Have you ever typed a formula into Excel and then been faced with an error message? Most of us have been faced with this situation at one time or another. Sometimes the error code makes sense but at other times it may not be too meaningful. There are only a limited number of these error messages and this article describes what these different error messages mean with examples of how the errors are caused.

Excel formula errors start with a hash symbol followed by some text which depends on the particular error. The error #DIV/0 is probably the only one which is immediately recognisable - you cannot divide by zero, but the other messages such as #NAME? or #REF! are not so clear. We'll describe the six main error messages next.

#DIV/0!
You'll see this error if you try to divide a number by zero, or divide a number by an empty cell. For example if you type =20/0 you'll see this error message, or if you type in the formula =D2/D3 and D3 contains a zero or is empty, then you'll again see this error message.

#VALUE!
This is probably the most commonly generated error. It occurs if you use text instead of a number in certain formula. For example =D2*D3 would give this error if either cell contained text. You could create the same error message by typing the formula =4*"shop" because you are telling Excel to multiply a number by text. You'll see this error if the cell containing text is one of the formula elements. For example suppose cell D2 contains the word Shop and cell D3 contains the number 5. Then if you type =D2+D3 into cell D4 you'll see the error. However if the cell containing text is in a specified range of cells, Excel will regard the cell as having a value 0 and the error will not show. So if you type sum(D2:D3) into cell D4 you see the result as 5.

#NAME?
This message occurs if you enter an incorrect function name, or range name or cell reference. So for example if you mistype "SUM" as "SIM" and type in a function as =SIM(D4:D8) then you'll see this error message, because there is no such function. Similarly if you create one or more range names and then use one in a formula, but misspell it, then the same error message will appear, as the range name you typed does not exist. If you do type in functions frequently, a good tip is to always type a function name in lower case. Provided you've spelt it correctly Excel will auto convert it to upper case when recognized. In addition, in Excel 2003, after you type in the open bracket, then the function name, and then the open bracket symbol, the yellow help text appears, which tells you the function name is spelt correctly and you're on the correct path to use that function. In Excel 2007/2010, after typing the equals symbol and you start typing the function name, a pop down appears listing all the function names starting with what you typed. This also confirms that what you are typing is correct, and so helps avoid this error message appearing.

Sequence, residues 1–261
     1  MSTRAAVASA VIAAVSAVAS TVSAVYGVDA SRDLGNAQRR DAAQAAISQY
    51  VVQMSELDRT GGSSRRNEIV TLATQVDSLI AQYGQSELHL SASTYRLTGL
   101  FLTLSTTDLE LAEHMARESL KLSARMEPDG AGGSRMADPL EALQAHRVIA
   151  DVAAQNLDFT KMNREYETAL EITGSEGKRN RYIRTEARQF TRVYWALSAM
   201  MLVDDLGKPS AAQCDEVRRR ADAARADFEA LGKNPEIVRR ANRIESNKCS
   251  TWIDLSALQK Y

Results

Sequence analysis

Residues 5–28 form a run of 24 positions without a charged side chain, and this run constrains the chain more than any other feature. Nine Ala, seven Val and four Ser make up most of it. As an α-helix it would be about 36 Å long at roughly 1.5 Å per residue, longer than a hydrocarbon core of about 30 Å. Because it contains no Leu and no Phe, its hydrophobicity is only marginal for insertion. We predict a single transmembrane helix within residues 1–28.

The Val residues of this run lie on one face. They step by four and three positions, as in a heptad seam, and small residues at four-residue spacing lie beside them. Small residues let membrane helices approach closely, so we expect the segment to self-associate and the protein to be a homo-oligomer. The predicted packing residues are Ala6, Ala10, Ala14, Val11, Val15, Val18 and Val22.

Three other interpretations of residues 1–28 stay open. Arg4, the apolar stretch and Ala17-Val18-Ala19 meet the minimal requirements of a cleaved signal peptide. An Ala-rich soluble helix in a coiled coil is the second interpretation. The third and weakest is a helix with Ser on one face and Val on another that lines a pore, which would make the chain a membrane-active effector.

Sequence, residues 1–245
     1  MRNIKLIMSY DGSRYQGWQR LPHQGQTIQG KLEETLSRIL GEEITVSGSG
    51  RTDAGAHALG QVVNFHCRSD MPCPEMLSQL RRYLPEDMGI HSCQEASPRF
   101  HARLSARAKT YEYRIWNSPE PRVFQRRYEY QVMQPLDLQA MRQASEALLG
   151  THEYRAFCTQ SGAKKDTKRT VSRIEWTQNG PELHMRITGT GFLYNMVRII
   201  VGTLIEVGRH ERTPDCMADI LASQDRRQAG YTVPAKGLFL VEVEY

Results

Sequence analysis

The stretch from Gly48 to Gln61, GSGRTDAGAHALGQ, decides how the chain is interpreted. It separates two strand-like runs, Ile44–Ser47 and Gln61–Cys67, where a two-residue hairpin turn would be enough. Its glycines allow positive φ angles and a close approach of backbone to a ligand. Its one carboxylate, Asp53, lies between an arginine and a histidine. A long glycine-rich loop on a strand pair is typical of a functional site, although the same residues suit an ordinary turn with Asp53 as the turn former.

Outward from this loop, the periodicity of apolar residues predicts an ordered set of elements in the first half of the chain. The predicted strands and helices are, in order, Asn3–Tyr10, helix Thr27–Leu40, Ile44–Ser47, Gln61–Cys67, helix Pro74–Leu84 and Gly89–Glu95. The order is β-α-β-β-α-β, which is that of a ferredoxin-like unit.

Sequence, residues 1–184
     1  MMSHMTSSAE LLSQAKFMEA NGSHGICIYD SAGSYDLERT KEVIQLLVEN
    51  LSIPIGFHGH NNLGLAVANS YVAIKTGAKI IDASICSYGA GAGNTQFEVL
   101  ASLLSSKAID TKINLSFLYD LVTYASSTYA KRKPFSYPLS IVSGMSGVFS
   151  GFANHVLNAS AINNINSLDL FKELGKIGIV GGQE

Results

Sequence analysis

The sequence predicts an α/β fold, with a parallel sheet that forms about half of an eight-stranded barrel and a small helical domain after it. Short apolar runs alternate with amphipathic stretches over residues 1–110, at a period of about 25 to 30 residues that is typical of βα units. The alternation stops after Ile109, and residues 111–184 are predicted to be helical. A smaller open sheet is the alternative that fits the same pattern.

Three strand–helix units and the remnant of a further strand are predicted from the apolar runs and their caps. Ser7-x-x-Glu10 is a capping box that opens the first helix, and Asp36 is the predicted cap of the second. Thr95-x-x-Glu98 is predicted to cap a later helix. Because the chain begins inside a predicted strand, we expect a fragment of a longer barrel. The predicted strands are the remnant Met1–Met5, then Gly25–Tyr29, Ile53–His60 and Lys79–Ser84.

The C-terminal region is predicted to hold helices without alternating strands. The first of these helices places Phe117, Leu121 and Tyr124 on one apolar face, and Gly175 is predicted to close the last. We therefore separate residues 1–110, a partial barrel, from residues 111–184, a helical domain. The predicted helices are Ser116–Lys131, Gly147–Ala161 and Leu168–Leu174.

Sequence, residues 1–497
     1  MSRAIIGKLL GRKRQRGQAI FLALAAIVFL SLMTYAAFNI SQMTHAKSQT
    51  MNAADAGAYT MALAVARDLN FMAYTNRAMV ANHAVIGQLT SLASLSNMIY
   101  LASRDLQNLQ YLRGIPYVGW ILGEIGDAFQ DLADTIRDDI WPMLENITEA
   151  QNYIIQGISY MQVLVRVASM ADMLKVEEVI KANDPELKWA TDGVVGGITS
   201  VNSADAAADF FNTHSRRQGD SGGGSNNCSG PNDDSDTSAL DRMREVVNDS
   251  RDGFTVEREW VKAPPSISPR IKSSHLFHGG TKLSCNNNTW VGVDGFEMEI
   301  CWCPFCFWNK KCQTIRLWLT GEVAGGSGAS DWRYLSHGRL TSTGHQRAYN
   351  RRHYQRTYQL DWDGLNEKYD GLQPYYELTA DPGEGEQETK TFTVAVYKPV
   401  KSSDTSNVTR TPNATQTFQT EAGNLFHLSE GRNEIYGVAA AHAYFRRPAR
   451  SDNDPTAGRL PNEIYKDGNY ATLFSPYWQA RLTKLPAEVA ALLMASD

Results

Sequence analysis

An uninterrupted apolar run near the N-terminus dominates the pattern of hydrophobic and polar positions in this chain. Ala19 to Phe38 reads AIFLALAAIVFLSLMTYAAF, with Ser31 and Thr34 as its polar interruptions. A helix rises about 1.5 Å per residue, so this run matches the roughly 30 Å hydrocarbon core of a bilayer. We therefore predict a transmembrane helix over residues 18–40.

#REF!
Excel creates this message if a cell reference in a formula has been deleted. For example if your formula is D2+D3 and you later delete row 3, you'll see this error message. This because Excel cannot determine which cell reference to use after the row is deleted. This message will trigger if the deleted cell is one of the components in a formula, but will not trigger if the cell is part of a range, in a similar way to the triggering of the #NAME! error message. So good practice in Excel is not to delete rows or columns, but instead do a cut and paste.

#NUM!
This error occurs if there is a problem with a number in a formula or function. For example this can be caused by a calculation resulting in a number too high or too small for Excel to cope with. Some functions iterate and go through lots of calculations to determine a final answer and these answers can be sometimes out of range. This can also occur if the wrong data type is used in a function which requires numerical data.

#N/A
This error message can indicate other more obscure situations, but commonly occurs in lookup functions where a data match cannot be found. So if you use the lookup value AA3 to look in the index column of a stock list, and there is no such value, this error message will result.

#######
This is not strictly an error message but we'll include this anyway. This occurs if a calculation results in a number is too wide to be displayed. For example a calculation resulting in the value £100,000,000 will show as ##########. To cure this, you need to autofit the column size or manually resize it.

So hopefully you've found this article on Excel error codes of interest. there are six kinds of formula error messages in Excel, and knowing what kind of situation can cause the error is often the first step to take to resolve the error. Interested in finding out more about Excel? You might like to consider attending one of the many training courses available and really expand your Excel skills.